What’s next in blockchain?
The digital transformation of travel and immigration is happening rapidly, and blockchain is one part of it. But the evolution of blockchain in immigration will be gradual. Richer economies will implement these technological changes sooner and the cost of implementation may sharpen the divide between richer and poorer economies, benefitting the former and potentially hindering travel and global employment of citizens of the latter. On the other hand, though blockchain is arguably built on the premise of data protection and personal consent, policy makers and users must still build confidence in how personal data will be issued and shared and how the potential for abuse or errors will be mitigated.
Blockchain breakthroughs can also be expected in refugee and asylum law, particularly important with the recent outflux of over five million Ukrainian refugees into Europe, and with more refugee crises due to inevitable environmental disasters in the future. An intricate facet of humanitarian migration is the loss of personal identity that is frequently the result of institutions that have ceased to exist or documents that are unavailable because of the circumstances of forced migration. Blockchain can be a tool for digital proof of identity relevant to many types of personal data (citizenship, health, birth, education), expediting and validating identity and eligibility checks.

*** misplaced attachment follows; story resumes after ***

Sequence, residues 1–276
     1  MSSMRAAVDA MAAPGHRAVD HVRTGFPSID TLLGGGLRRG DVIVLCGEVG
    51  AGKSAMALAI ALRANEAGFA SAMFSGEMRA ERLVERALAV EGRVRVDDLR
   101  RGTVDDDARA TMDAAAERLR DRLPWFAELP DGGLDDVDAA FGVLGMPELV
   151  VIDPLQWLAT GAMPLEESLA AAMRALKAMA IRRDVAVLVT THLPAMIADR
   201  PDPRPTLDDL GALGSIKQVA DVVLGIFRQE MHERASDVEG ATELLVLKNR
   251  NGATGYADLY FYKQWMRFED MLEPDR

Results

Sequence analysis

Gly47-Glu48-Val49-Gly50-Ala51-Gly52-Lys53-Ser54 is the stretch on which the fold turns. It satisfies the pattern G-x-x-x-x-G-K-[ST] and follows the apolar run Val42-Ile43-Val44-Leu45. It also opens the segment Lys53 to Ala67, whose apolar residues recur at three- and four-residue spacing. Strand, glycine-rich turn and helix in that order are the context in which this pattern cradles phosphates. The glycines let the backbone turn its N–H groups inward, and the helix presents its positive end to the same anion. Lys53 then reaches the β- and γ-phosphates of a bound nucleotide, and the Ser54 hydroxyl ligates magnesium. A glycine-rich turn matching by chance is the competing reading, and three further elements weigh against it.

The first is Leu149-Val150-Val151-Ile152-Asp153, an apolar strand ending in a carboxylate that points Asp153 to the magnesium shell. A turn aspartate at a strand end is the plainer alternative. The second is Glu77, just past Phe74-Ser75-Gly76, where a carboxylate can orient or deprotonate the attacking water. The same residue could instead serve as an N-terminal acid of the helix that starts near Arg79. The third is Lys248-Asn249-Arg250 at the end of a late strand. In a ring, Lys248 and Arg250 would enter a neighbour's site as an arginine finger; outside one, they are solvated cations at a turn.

Conclusions for travellers and employers
Travellers and immigrants should be careful in the use of digital platforms by governments to collect their personal identification and medical information. These third-party systems are often susceptible to both fraud and hacking - and there have been numerous examples of misuse worldwide. However, with little choice but to use the systems governments require to gain entry into a country, employers of traveling workers and foreign nationals should do their research to ensure travelers are aware of potential security vulnerabilities associated with such systems. As instances of misuse are increasingly published online by governments, red flags associated with digital systems in certain countries or regions can be readily found.
Travellers and employers must rely on government agencies themselves (and the third parties they hire) to police their digital systems. It will be many more years before blockchain technology becomes a commonplace protection in immigration processes. Part of a travelers’ assignment acceptance consideration may soon become whether the destination country adopts strict data privacy rules/consequences for violations to protect their data and identity.
Until blockchain technology is more readily adopted by governments, confidential traveler information and other important data remains at risk in the digital space.